Mayor Bart Peterson took his campaign for new taxing powers to the Statehouse on Monday, warning lawmakers that without their help Indianapolis could end up shelling out millions of dollars more to pay off pensions and fix the city's sewers.
One of the nation's biggest credit-rating agencies, Standard & Poor's, is threatening to downgrade the city's rating if Indianapolis does not find a way to address its deficit, pension liabilities and growing public safety needs.
The city's AAA bond rating, maintained by a handful of cities nationwide, has let it borrow money for significantly lower interest rates than municipalities with lower ratings.
Looking for help, Peterson made a last-ditch effort Monday to turn up the heat on lawmakers as deadlines loom this week to pass bills that would help Indianapolis.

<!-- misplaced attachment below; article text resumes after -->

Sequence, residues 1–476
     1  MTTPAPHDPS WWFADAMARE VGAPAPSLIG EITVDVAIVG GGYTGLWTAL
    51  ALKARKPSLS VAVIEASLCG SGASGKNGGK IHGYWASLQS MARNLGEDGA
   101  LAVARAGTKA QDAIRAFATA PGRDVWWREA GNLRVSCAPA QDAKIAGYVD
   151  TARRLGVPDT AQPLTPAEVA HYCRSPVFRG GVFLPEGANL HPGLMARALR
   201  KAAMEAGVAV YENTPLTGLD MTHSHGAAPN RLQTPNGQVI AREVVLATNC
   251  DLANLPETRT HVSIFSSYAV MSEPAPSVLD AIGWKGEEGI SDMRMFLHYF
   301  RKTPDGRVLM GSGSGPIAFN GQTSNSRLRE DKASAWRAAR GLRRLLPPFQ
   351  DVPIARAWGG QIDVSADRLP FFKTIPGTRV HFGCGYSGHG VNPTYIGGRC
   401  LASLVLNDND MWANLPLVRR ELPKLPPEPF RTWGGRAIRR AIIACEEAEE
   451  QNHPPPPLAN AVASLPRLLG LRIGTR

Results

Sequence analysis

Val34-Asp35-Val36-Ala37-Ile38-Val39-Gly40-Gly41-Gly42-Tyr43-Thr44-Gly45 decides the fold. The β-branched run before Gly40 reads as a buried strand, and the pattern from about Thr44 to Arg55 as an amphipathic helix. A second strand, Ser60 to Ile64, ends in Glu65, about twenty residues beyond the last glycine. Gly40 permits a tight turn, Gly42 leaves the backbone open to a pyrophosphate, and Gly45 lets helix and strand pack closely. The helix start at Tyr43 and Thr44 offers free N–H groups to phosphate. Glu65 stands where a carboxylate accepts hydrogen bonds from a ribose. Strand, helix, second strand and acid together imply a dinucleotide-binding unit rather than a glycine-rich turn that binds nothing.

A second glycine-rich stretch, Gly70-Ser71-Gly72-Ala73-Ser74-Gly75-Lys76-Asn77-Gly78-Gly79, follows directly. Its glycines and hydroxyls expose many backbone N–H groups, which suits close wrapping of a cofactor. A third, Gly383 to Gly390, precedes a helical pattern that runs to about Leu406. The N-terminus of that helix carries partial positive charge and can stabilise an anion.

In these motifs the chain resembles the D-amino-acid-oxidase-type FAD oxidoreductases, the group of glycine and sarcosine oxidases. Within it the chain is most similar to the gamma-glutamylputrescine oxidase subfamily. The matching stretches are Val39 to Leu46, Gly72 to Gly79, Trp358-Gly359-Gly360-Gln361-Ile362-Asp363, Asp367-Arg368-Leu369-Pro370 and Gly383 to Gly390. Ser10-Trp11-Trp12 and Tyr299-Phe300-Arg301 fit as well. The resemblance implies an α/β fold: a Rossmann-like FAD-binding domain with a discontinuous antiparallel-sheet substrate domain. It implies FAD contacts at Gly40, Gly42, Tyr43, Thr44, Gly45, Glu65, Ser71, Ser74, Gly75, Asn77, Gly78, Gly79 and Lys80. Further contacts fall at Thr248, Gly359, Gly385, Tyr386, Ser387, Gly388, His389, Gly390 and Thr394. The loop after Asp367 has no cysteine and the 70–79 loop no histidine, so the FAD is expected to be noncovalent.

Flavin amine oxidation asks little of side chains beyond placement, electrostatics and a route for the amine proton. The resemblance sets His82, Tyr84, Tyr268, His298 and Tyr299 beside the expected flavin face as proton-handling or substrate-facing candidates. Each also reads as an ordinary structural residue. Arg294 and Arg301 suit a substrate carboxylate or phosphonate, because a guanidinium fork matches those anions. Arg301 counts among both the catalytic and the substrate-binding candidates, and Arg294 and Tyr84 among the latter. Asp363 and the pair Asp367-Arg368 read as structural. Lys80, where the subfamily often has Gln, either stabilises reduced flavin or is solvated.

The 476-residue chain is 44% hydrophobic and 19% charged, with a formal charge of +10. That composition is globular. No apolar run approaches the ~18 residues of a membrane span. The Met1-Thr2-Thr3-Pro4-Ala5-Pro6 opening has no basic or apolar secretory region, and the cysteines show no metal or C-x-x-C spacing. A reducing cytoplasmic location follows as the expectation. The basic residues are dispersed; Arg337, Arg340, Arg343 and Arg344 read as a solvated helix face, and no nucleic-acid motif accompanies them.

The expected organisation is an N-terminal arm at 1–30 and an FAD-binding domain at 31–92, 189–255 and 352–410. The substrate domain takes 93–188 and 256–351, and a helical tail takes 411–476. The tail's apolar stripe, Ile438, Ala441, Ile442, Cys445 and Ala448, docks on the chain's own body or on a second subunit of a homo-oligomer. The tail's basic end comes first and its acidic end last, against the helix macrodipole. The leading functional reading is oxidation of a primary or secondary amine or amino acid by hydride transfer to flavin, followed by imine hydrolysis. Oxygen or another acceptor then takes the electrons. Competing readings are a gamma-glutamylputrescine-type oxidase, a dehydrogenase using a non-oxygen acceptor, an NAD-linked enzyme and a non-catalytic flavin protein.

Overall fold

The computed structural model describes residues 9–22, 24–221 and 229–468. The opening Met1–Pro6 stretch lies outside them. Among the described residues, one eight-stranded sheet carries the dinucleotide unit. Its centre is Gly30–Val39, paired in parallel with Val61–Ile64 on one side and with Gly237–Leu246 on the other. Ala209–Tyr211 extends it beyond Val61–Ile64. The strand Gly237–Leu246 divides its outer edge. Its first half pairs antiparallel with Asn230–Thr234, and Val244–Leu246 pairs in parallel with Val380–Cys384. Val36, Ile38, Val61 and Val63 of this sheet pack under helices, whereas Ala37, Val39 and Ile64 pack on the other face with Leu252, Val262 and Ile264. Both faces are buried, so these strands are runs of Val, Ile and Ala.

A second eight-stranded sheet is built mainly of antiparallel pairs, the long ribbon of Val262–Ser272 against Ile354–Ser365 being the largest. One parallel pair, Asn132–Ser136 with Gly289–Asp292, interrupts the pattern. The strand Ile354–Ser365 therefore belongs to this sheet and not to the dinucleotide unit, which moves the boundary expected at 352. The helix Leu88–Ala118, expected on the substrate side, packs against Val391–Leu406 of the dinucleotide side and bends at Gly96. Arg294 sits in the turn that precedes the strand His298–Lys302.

The city is seeking legislative authority to raise new taxes in order to spend $85 million a year to plug a pension-related budget deficit and pay for new crime-fighting initiatives.
"If we don't see success here in the legislature, it's clear the credit agencies will downgrade the city," said Peterson, a Democrat. "Lawmakers can't keep cutting back on the ability to raise funds and expect cities to keep running."
Barbara Lawrence, who heads the Indianapolis Bond Bank, said a AA credit rating would cost the city about $3 million more in interest costs during the next 30 years on its proposed pension fix.
The Peterson administration hopes to sell $450 million in bonds to permanently address its underfunded police and firefighter pension funds.
The bottom line is your taxes are going to go up whether Mayor Peterson gets more taxing authority or not. The only question is which taxes are going up. It would have been nice if the Mayor had thought about these issues when he handed out hundreds of millions of dollars in public subsidies to some of Indiana's wealthiest citizens over the past 8 years.